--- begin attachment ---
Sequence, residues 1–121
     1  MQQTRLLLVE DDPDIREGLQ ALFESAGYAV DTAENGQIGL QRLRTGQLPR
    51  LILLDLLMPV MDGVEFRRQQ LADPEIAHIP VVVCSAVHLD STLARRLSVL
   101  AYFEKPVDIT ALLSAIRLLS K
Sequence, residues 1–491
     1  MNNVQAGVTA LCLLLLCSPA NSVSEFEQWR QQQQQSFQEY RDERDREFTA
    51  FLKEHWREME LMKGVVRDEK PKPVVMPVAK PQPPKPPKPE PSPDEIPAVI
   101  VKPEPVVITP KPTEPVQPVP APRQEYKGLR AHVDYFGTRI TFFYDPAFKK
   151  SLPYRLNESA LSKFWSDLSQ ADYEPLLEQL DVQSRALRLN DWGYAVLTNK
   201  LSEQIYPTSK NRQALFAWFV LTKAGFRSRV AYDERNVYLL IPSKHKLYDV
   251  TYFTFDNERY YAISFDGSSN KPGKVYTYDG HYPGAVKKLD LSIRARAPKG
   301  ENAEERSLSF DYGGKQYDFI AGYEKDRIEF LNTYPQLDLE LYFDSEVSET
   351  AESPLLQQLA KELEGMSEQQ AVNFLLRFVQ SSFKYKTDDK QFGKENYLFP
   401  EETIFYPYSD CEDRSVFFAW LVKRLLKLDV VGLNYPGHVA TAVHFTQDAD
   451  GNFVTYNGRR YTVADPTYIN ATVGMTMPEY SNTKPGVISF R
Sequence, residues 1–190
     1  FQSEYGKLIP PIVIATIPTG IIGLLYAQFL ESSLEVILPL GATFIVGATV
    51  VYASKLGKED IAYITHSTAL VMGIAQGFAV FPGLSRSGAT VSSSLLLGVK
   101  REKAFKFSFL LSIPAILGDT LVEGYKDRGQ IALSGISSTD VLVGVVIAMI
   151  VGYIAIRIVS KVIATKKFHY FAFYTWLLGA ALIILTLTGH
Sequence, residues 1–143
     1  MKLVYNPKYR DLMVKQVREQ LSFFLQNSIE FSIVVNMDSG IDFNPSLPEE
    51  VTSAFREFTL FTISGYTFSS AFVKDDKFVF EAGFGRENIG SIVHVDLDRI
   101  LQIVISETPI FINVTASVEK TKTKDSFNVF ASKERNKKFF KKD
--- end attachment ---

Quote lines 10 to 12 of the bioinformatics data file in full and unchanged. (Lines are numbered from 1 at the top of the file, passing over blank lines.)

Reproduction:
   201  LSEQIYPTSK NRQALFAWFV LTKAGFRSRV AYDERNVYLL IPSKHKLYDV
   251  TYFTFDNERY YAISFDGSSN KPGKVYTYDG HYPGAVKKLD LSIRARAPKG
   301  ENAEERSLSF DYGGKQYDFI AGYEKDRIEF LNTYPQLDLE LYFDSEVSET